“These thefts and disclosures are intended to interfere with the U.S. election process,” it added. “Such activity is not new to Moscow — the Russians have used similar tactics and techniques across Europe and Eurasia, for example, to influence public opinion there.”

Intelligence agencies have been unable to link recent scanning of election-related networks in Arizona and Illinois to the Russians, although the scanning “originated from servers operated by a Russian company.”

Additionally, American intelligence agencies say it would be extremely difficult for hackers, even those working for nation-states, to alter ballot counts or election results through cyber attacks or intrusions.

State election authorities were urged to avoid linking voting machines to the internet.

Homeland Security has set up an Election Infrastructure Cybersecurity Working Group to educate state officials on cyber security for election infrastructure.

The administration official said: “The American public and our democracy are resilient to foreign attempts to manipulate public opinion. The U.S. government is committed to ensuring a secure election process and has robust capabilities to detect efforts to interfere with our elections.”

Documents and emails held by the Democratic National Committee were hacked along with the email account of John Podesta, campaign chairman for Democratic nominee Hillary Clinton.

The Podesta emails, dating from 2008, include revealing details of internal discussions by Mrs. Clinton’s advisers on her email scandal, including discussions of how to deflect criticism for her use of an unsecure email server while she was secretary of state.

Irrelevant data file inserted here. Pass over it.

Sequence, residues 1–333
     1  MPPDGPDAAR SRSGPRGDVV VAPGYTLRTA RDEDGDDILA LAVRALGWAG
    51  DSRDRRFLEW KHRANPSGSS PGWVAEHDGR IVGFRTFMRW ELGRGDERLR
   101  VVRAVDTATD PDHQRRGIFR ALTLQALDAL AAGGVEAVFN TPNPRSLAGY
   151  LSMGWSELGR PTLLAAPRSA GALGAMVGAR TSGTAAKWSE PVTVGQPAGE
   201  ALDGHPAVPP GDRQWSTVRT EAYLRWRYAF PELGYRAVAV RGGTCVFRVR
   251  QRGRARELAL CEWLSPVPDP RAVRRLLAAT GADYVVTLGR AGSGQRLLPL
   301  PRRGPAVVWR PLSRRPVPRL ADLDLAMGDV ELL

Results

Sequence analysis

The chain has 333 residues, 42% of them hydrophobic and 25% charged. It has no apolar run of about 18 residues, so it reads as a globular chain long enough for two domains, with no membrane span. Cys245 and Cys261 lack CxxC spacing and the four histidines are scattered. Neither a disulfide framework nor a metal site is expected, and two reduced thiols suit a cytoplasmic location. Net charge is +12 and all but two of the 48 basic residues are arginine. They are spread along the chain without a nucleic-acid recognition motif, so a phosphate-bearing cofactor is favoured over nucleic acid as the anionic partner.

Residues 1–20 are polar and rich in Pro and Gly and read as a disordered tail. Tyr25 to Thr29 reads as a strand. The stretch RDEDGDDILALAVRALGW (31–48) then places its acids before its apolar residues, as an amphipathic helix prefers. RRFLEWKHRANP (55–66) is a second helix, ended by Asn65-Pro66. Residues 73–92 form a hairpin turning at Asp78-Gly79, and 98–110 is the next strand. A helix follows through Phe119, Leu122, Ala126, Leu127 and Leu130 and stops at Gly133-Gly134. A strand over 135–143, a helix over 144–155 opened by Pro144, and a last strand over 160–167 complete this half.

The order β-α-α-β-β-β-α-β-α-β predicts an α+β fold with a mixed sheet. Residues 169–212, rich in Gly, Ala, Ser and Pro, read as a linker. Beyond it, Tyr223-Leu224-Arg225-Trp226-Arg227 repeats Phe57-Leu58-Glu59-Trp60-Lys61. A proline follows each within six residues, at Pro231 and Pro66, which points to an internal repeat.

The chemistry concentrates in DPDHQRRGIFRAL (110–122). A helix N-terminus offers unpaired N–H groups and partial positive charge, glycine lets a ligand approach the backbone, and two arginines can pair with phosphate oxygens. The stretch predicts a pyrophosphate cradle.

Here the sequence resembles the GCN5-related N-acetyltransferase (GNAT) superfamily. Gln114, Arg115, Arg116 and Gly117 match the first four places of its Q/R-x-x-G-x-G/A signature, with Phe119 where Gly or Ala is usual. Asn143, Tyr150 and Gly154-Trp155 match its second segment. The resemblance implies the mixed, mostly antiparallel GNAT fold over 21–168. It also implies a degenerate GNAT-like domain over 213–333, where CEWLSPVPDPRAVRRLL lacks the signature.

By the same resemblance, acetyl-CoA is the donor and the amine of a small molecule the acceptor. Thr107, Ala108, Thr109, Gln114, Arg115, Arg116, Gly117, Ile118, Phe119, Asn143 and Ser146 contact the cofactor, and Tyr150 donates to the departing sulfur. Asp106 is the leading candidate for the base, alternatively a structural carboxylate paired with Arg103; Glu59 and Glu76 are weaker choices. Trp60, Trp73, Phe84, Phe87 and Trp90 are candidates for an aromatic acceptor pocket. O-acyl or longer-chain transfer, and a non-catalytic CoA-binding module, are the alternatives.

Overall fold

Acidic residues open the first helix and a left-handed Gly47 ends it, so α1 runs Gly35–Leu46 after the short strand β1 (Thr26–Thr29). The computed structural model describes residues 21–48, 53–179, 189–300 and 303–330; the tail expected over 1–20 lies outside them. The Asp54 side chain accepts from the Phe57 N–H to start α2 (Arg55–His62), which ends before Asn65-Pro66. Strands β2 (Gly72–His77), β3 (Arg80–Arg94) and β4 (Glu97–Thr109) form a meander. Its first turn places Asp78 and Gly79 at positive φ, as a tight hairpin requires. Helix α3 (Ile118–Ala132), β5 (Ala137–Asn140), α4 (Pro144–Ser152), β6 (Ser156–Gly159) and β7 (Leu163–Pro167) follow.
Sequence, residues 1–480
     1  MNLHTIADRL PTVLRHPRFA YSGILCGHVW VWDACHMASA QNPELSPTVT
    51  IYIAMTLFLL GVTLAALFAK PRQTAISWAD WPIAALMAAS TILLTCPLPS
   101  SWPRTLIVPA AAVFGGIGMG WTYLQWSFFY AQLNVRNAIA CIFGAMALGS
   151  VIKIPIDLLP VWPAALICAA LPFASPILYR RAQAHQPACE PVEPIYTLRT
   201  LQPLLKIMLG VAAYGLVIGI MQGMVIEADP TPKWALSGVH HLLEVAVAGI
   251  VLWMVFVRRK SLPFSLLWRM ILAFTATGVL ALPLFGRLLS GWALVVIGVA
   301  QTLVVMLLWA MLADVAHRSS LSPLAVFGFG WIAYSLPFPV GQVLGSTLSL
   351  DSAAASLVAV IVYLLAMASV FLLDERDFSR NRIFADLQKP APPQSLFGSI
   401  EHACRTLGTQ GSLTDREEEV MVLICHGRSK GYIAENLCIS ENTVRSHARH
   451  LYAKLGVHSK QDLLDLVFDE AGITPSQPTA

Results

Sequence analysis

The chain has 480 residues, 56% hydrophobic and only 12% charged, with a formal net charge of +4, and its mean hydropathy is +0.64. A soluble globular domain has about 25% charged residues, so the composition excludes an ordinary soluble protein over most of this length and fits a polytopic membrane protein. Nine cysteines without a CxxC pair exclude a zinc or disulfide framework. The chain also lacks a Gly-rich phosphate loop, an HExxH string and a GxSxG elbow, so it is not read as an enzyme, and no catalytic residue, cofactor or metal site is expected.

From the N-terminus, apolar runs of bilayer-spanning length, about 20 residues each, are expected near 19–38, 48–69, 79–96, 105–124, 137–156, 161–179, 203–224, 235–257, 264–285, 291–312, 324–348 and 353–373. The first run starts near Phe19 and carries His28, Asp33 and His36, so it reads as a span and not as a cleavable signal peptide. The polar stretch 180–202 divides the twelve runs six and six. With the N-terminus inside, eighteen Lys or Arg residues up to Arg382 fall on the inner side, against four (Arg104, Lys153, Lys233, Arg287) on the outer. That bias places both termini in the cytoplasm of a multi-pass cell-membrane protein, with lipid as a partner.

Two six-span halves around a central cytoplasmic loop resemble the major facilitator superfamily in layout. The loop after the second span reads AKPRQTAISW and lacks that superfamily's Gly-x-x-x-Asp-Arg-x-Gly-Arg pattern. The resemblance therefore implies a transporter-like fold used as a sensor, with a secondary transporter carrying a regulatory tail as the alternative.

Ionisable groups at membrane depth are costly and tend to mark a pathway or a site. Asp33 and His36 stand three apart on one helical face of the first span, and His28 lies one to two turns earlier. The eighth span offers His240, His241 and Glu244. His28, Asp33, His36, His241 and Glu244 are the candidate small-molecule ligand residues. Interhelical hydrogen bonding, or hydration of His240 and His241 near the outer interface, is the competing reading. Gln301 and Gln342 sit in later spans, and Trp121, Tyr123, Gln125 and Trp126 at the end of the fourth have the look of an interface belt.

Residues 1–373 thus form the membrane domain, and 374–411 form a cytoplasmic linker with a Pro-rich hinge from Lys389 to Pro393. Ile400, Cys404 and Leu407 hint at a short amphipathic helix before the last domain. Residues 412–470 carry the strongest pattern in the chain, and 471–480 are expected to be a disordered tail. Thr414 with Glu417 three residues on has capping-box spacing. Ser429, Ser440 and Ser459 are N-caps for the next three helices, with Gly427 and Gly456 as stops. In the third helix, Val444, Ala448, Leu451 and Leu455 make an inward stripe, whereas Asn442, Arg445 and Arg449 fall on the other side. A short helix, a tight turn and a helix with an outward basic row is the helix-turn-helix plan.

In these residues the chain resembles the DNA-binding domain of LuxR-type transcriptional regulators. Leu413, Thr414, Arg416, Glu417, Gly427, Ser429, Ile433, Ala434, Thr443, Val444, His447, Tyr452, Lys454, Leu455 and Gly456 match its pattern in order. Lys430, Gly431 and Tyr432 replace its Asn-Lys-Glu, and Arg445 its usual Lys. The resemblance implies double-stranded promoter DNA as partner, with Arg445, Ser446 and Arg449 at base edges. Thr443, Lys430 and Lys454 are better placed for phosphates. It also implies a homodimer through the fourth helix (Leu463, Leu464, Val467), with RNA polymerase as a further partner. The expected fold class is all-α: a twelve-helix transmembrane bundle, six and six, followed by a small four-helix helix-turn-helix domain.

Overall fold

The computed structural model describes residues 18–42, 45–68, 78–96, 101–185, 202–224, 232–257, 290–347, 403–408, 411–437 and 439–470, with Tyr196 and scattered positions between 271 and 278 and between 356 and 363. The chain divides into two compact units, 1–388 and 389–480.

One email from August 2015 included a draft of a statement by Mrs. Clinton explaining why she used the private email. Clinton adviser Dan Schwerin says a revised version of the statement is “not defiant but not particularly contrite either.”

Mr. Podesta’s emails contain personal information that could be used by hackers and others, including his Social Security number and home address.

McCain staffer to PaCom
Eric Sayers, a national security staff member on the Senate Armed Services Committee, is moving on to a new post in Hawaii. Mr. Sayers, a specialist in Asian security affairs, will join the staff of Adm. Harry Harris, commander of the U.S. Pacific Command, located in Honolulu.

He will join Adm. Harris’ Commander’s Action Group, and work on global engagements and strategic initiatives for the commander.

Mr. Sayers supported Senate Armed Services Committee Chairman Sen. John McCain’s focus on China and Asia security over the past several years, including the need for a robust U.S. military presence in the region.

A year ago, Mr. McCain pressed Pentagon leaders to resume Navy freedom of navigation operations in the South China Sea that had been halted for several years under Obama administration policies that sought to avoid upsetting China.

A month after the September hearing, the Navy conducted its first freedom-of-navigation operation in the South China Sea since 2012. A second operation was carried out in January.

  • Contact Bill Gertz on Twitter via @BillGertz.